By David Safier
In yesterday's post, Two dirty little secrets about tuition tax credits, I mainly presented facts about the way individual tuition tax credits are structured. But I also took three leaps into the realm of conjecture, and I would be grateful if anyone out there who has the facts will let me know whether my conjectures are right or wrong.

Here are the two facts I presented:

  1. People who give tuition tax credits can recommend who they want the scholarship to go to, so long as the child is not a dependent. The STO doesn't have to honor the recommendation, but it usually does.
  2. Scholarships given by STOs don't have to be means tested. They can go to children of any family, regardless of income.

Those are facts. Here are the conjectures, which I'm less sure of:

  1. Something like 80% of tuition tax credit donations recommend a specific student to receive the scholarship.
  2. School Tuition Organizations follow the scholarship recommendations more often than not.
  3. Instead of offering the majority of tuition tax credit scholarships to students with the greatest financial need — students who would qualify or nearly qualify for free lunch at a public school — the scholarships tend to go to children whose families have middle class or higher incomes.

Lots of people out there know enough about tuition tax credits and STOs to either tell me my conjectures are more-or-less accurate, or they're incorrect, citing facts and figures.

The Goldwater Institute, which I know has people who follow my posts, at least those that mention Goldwater Institute, is intimately connected with both Arizona School Choice Trust, an STO, and Arizona School Choice Administrative Corporation, which takes care of the STO's fundraising and administrative expenses. In 2006, the most recent tax return I have, Arizona School Choice Trust lists Clint Bolick as Chairman and Darcy Olsen (President and CEO of G.I.) and Matthew Ladner as Board Members. Also in 2006, Darcy Olsen was a board member of the Arizona School Choice Administrative Corporation along with Matthew Ladner. In 2005, Clint Bolick and Ladner were both listed as Directors.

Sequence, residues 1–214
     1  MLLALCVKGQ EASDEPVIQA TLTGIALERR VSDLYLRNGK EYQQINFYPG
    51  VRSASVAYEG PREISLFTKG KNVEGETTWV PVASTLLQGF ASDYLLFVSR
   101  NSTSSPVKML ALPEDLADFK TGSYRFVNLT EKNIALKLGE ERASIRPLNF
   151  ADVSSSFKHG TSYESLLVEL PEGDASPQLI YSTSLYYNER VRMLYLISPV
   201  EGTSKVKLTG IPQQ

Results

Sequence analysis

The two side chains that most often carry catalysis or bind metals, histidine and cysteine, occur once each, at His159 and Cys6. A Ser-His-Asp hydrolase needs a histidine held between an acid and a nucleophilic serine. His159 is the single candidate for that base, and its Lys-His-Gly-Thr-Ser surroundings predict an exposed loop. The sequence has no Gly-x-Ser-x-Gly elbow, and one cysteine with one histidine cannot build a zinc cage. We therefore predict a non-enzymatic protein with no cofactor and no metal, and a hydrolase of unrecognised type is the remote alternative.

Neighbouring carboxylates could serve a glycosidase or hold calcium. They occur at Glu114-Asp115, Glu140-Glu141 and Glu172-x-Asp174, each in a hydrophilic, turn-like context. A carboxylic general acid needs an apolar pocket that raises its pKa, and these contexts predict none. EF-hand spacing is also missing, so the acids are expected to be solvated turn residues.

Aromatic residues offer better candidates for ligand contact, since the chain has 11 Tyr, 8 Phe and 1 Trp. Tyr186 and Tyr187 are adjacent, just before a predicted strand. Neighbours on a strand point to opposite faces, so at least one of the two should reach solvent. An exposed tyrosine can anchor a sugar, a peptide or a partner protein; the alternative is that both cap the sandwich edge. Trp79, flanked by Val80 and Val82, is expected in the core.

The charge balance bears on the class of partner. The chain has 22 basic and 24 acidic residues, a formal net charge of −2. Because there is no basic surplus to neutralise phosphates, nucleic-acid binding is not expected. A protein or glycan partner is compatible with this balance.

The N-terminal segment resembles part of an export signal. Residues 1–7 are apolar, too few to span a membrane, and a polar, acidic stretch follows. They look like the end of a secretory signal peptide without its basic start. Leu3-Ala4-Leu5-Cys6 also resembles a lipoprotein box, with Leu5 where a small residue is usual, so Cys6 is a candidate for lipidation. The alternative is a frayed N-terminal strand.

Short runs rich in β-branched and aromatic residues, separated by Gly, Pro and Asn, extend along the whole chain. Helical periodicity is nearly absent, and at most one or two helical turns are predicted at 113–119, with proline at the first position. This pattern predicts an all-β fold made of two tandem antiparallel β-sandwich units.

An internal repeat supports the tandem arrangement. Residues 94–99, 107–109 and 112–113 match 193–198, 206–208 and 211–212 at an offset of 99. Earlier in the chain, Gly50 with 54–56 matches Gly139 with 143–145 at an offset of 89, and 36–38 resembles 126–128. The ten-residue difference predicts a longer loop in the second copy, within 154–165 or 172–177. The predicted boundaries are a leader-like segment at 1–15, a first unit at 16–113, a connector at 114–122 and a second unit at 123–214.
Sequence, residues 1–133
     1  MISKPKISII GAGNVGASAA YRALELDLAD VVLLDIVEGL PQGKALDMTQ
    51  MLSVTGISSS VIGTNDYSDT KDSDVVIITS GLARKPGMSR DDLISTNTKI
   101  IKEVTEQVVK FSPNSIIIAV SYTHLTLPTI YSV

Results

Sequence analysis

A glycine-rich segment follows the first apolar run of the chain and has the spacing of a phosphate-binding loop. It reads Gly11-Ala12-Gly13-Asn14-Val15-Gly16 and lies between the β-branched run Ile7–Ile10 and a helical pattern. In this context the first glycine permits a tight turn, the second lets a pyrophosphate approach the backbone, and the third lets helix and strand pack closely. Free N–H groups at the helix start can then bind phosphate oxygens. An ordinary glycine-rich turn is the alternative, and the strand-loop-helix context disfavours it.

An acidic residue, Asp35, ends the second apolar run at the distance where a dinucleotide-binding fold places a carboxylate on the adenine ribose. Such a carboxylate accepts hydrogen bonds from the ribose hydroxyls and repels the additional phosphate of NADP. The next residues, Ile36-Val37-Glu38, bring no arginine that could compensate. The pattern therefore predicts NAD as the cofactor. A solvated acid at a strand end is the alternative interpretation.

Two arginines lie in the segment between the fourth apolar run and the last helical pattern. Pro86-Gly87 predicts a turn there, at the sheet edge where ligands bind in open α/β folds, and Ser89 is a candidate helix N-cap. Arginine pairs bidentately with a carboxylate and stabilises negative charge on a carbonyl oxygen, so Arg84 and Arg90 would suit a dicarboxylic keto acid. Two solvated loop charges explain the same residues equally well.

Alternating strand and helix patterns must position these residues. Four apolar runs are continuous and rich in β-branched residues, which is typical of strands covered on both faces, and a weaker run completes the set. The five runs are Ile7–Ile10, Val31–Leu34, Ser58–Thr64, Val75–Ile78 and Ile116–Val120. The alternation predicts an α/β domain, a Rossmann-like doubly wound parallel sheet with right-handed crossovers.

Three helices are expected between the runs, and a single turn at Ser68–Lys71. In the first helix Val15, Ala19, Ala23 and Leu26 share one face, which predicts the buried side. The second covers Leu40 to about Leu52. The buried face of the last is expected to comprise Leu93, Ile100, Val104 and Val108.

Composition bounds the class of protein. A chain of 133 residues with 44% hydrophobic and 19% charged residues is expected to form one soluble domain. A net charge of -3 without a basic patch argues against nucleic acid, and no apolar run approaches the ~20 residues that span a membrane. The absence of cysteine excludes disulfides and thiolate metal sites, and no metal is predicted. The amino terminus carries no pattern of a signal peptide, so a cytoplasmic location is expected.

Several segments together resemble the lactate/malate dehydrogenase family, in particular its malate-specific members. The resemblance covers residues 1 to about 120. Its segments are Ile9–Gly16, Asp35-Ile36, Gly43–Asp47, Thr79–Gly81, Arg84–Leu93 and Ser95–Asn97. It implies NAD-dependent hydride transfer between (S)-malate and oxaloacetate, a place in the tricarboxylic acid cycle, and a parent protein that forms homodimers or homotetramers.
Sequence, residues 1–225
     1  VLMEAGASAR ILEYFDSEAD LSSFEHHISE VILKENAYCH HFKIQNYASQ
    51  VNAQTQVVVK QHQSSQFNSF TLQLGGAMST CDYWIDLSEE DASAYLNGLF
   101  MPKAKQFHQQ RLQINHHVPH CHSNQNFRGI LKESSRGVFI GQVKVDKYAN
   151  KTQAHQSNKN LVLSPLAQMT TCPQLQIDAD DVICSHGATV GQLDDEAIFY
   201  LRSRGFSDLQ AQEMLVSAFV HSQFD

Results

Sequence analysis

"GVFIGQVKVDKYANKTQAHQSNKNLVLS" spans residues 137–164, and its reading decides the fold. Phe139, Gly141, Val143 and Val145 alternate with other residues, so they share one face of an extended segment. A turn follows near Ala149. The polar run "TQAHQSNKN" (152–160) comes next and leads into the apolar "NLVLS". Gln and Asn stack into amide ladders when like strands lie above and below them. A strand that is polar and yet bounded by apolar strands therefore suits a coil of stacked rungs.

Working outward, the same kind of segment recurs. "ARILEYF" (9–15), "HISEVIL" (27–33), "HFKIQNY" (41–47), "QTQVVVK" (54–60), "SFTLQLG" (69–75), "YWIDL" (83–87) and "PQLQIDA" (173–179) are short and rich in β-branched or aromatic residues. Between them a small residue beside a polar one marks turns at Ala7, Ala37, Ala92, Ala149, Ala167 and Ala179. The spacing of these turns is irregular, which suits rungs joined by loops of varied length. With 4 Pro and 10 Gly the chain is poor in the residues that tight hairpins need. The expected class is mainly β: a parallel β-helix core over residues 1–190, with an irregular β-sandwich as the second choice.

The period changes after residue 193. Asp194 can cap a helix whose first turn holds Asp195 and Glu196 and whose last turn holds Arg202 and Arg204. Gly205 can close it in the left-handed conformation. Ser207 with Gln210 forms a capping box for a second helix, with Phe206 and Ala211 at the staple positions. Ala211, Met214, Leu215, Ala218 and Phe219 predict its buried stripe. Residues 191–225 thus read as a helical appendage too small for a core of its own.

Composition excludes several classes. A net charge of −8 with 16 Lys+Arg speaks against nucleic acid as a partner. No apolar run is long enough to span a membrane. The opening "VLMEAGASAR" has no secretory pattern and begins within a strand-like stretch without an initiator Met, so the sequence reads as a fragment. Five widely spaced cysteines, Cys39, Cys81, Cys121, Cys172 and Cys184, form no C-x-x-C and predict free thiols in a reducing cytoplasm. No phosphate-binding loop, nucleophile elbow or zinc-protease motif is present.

I would guess members of other School Tuition Organizations are aware of my posts as well. Some of them must be interested enough about what's being said about their organizations to get Google Alerts when the term comes up in a news story or blog post.

If my three conjectures are wrong, in whole or in part, someone should straighten me out. If they're right, in whole or in part, it would be helpful to have that confirmed.